‘Truth’ Is in the Eye of the Beholder; How Things Are Represented in the Mass Media Often Depends on Where Political and Economic Power Lies, Writes Saliem Fakir

Cape Times (South Africa), March 6, 2007 | Go to article overview

‘Truth’ Is in the Eye of the Beholder; How Things Are Represented in the Mass Media Often Depends on Where Political and Economic Power Lies, Writes Saliem Fakir


We live in a world saturated with imagery. But images do not exist neutrally as they mediate our impressions of the world. Images both unearth and hide things. They are like words, pliable in the hands of the handler.

Images of war tend to have this property, as audiences rely on the authority of the media and government to tell the truth, and in war governments usually have a monopoly over what news gets to us from the frontline. Wars are as much won on the ground as they are in the minds of people – and so governments have an interest in portraying positive images of the conduct of war.

Susan Sontag provides an apt appraisal of the problem with pictures, she writes: “The limit of photographic knowledge of the world is that, while it can goad conscience, it can, finally, never be ethical or political knowledge.” (On Photography)

By far television and film have displaced all other forms of written or electronic media as the mainstays of our knowledge about the world, especially political knowledge.

One of the foremost scholars of television media, Neil Postman, writing on this subject in his book, Amusing Ourselves to Death, suggests that television has created a new symbolic culture that displaces the role of direct speech and the power of written media on our cultural imagination.

Postman suggests that, given how television rules so much of our lives, it is no longer what Orwell once suggested, “Big Brother” watching us, it is us watching “Big Brother”.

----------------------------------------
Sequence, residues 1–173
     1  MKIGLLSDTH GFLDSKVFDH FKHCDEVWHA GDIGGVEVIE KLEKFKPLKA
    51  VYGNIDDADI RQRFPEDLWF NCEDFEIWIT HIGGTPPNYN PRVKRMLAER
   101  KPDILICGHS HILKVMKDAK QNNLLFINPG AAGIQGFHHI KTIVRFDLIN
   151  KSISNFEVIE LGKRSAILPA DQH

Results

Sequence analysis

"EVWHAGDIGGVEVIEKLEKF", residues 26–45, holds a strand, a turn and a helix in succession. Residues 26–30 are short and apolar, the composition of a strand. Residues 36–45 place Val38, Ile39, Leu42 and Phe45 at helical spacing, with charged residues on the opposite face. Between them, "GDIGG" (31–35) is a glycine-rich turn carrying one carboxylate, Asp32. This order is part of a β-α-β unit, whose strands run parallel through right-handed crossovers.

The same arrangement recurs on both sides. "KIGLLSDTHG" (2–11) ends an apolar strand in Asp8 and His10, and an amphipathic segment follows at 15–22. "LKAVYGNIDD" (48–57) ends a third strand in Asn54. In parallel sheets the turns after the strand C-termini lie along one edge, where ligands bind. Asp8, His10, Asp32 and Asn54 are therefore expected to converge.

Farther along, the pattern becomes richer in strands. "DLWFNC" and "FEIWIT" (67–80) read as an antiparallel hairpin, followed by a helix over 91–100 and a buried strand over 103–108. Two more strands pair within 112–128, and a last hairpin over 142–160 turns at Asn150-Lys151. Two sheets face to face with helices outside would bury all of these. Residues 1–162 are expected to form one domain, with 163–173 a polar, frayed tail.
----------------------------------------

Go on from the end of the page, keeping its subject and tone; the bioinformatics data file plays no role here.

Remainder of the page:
Contemporary political culture is a product of mass media and understanding its power helps us to understand how our political views are shaped by it. Images, too, are not simply just creations of the men and women behind media production – images are also often rooted in popular prejudice that has been passed on from one generation to another.

These prejudices are given enhanced effect by the mass media and what Postman calls universal resonance that with time become staple ways of seeing and believing. They are, in fact, assimilated as truths about objects, people, or events in a way that renders their use as having no relation to real objects and people with time.

Racial prejudice, fears about foreigners, stereotypes about other people’s culture and caricatures about nations feed visual imagery, and they in turn are reflected back to us reinforcing our views and perceptions towards a particular direction.

The viewer of the image does not come to a picture with first-hand knowledge of the image’s context, placement in reality, who took the photo, why, and why out of all those possible photos snapped with the fast-moving aperture of the camera the one we see was particularly chosen. What did the editor have in mind? What impression were they trying to bring across?

Yet, the viewer is made to feel, through this sudden levitation into hyper-reality, as if they were witnessing the real thing. There is the illusion of connecting, of knowing, of being informed.

Recently, this very non-neutrality of images was demonstrated when certain segments of South African society reacted with emotion and anger to the picture of Tony Yengeni standing with sword in hand ready to lunge at a bull.

Reactions to this picture were entirely based on conjecture. It was impossible to tell what the bull was feeling or what its condition was, or for that matter what motivated Yengeni. Yet gauging from letters sent to newspapers, readers expressed moral outrage and condemned Yengeni’s cultural practices as backward. But how could a picture have done this?

Clearly it was not the image of the bull about to be slaughtered but what readers brought to the interpretation of the picture as prejudgments that had a lot to do with how they made sense of the picture.

Images that are broadcast to audiences around the globe, whether they are typecasts of Muslims, Africans, Latinos, Europeans and even Americans, are always embedded in specific tensions of that historical moment and informed by its political context which would inevitably determine how images are used and portrayed. …

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‘Truth’ Is in the Eye of the Beholder; How Things Are Represented in the Mass Media Often Depends on Where Political and Economic Power Lies, Writes Saliem Fakir
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